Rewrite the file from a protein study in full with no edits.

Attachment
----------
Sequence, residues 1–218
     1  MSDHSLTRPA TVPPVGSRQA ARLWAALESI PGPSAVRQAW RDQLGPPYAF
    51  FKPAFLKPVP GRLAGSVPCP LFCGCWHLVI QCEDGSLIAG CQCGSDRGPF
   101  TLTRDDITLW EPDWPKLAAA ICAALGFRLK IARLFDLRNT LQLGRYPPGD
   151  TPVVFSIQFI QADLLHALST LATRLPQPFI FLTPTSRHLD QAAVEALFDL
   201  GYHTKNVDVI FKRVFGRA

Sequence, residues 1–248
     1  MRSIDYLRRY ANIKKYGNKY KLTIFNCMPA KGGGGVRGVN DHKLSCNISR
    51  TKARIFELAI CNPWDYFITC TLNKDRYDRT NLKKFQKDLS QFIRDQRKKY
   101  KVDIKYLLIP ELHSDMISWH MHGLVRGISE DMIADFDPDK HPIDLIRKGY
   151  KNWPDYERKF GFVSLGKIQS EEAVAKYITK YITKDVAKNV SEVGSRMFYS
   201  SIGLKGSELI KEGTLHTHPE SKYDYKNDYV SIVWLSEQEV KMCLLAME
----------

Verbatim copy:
Sequence, residues 1–218
     1  MSDHSLTRPA TVPPVGSRQA ARLWAALESI PGPSAVRQAW RDQLGPPYAF
    51  FKPAFLKPVP GRLAGSVPCP LFCGCWHLVI QCEDGSLIAG CQCGSDRGPF
   101  TLTRDDITLW EPDWPKLAAA ICAALGFRLK IARLFDLRNT LQLGRYPPGD
   151  TPVVFSIQFI QADLLHALST LATRLPQPFI FLTPTSRHLD QAAVEALFDL
   201  GYHTKNVDVI FKRVFGRA

Sequence, residues 1–248
     1  MRSIDYLRRY ANIKKYGNKY KLTIFNCMPA KGGGGVRGVN DHKLSCNISR
    51  TKARIFELAI CNPWDYFITC TLNKDRYDRT NLKKFQKDLS QFIRDQRKKY
   101  KVDIKYLLIP ELHSDMISWH MHGLVRGISE DMIADFDPDK HPIDLIRKGY
   151  KNWPDYERKF GFVSLGKIQS EEAVAKYITK YITKDVAKNV SEVGSRMFYS
   201  SIGLKGSELI KEGTLHTHPE SKYDYKNDYV SIVWLSEQEV KMCLLAME